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PUBLISHED : Wednesday, 05 September, 2012, 5:21pm
UPDATED : Wednesday, 05 September, 2012, 5:23pm

Lenovo, SMIC in China-style divorces

New stake sales by NEC in Lenovo and TSMC in SMIC mark the first step toward an eventual divorce, driven partly by disappointment by the foreign partners in each marriage.

BIO

Doug Young has lived and worked in China for 15 years, much of that as a journalist for Reuters writing about Chinese companies. He currently lives in Shanghai where he teaches financial journalism at Fudan University. He writes daily on his blog, Young’s China Business Blog (www.youngchinabiz.com), commenting on the latest developments at Chinese companies listed in the US, China and Hong Kong. He is also author of a new book about the media in China, “The Party Line: How the Media Dictates Public Opinion in Modern China.”
 

Their relatively low costs and access to the fast-growing China market often make major Chinese tech firms look like attractive business partners to their foreign peers. But big hopes for new partnerships often end in disappointment, resulting in the kinds of divorce we are now witnessing in the new slow-motion break-ups between PC giant Lenovo (0992.HK) and Japan's NEC (Tokyo: 6701); and between global contract chip-making leader TSMC (Taipei: 2330; NYSE: TSM) and Chinese counterpart SMIC (0981.HK, NYSE: SMI). In both cases, the foreign companies have just started selling down previous strategic stakes in their Chinese partners, in what's likely to end in an outright divorce for each pairing.

Let's look at Lenovo and NEC first, which announced last July that they would pool their Japanese assets into a joint venture that would be run by Lenovo. Just over a year later, Lenovo is saying it has agreed to let NEC sell the 281 million Lenovo shares it received as part of the joint venture deal before the end of a previously agreed 2-year lock up period.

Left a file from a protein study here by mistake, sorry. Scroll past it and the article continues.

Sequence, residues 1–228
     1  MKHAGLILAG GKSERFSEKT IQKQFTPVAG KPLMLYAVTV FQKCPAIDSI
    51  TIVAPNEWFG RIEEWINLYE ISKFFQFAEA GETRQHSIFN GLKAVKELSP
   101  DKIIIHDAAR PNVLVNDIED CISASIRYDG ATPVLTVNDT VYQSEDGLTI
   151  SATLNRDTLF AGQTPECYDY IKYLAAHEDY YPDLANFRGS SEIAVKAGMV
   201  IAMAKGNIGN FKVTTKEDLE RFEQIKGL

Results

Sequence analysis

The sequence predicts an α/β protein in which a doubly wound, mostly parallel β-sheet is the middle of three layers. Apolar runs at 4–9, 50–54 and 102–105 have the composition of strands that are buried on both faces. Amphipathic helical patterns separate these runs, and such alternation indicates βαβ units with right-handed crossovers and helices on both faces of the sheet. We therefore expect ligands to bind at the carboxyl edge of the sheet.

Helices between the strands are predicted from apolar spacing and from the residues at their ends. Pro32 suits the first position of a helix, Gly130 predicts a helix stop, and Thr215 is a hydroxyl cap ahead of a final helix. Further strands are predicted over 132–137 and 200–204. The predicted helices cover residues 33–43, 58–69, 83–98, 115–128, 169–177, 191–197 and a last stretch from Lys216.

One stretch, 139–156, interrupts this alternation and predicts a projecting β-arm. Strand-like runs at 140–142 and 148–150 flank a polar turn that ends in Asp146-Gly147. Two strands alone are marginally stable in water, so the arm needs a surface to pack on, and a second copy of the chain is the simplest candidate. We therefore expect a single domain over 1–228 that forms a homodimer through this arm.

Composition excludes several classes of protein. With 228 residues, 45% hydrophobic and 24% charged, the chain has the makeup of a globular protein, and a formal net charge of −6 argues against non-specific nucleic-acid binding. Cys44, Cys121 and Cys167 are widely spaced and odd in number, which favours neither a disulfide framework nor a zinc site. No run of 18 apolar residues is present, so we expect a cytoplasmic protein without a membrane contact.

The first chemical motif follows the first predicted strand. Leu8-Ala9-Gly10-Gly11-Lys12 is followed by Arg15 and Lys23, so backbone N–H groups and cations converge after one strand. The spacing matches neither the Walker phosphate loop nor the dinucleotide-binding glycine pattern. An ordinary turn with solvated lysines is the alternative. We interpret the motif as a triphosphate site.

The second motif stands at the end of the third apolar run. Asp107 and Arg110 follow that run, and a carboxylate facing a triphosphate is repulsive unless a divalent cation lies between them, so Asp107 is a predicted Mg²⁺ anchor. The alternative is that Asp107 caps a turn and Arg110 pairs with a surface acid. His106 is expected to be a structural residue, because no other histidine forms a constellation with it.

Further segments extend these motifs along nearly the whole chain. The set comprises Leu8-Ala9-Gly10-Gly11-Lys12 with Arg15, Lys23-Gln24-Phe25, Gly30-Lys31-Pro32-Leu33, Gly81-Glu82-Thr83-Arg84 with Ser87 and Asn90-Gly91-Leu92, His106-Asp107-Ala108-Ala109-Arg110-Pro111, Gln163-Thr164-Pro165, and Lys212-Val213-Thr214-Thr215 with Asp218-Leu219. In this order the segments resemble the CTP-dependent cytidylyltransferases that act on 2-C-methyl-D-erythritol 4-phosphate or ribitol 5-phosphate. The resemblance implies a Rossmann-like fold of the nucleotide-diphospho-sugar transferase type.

Other media are reporting that NEC will sell its shares immediately, raising around US$235 million.  NEC is selling the stock at HK$6.30 to HK$6.50 per share, representing a nice 40 percent premium over the price Lenovo was trading at last year when the 2 companies signed their joint venture deal.

This sale is also interesting from an investor perspective, since it provides a valuation of the joint venture at around US$500 million -- a key piece of information for the future date when Lenovo is likely to buy out NEC's 49 percent stake in the joint venture completely. I predicted just last week that the final break-up of this joint venture could come in the next 3-4 years, but this latest development indicates that it could perhaps come much sooner as NEC looks to exit the PC business.

Meantime, let's take a look at SMIC which has disclosed that TSMC has begun selling down its stake in China's largest contract chip maker. According to a filing with the Hong Kong Stock Exchange, TSMC recently sold down its SMIC holdings to 7.63 percent, reducing it from a previous 8.22 percent.

Longtime followers of these 2 companies will recall that TSMC agreed to take a stake of up to 10 percent in SMIC as part of a bigger 2009 settlement between the 2 sides related to a patent infringement lawsuit filed by TSMC against SMIC. Similar to the case with Lenovo and NEC, I expect this sell-down by TSMC is probably just the prelude to an eventual complete divorce between the 2 companies that will see TSMC sell its entire stake.

Investors who may have had high hopes for the 2 tie-ups seemed to sense the coming divorce in both cases, with Lenovo and SMIC shares both down around 7 percent when Wednesday trading began in Hong Kong. While this kind of divorce is a bit disappointing, I will add that it's not completely unexpected.

NEC probably never intended for its marriage with Lenovo to last forever, and saw it instead as a way to exit the low-margin PC business. Likewise, TSMC probably didn't hold very big hopes for the SMIC tie-up, which was just part of a much bigger settlement deal. At the end of the day, these break-ups reflect the broader reality that Chinese tech firms are often good at low cost manufacturing, but otherwise often prove to be disappointing business partners for their foreign peers.

Bottom line: New stake sales by NEC in Lenovo and TSMC in SMIC mark the first step toward an eventual divorce, driven partly by disappointment by the foreign partners in each marriage.

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30 Aug 2012 - 9:37am

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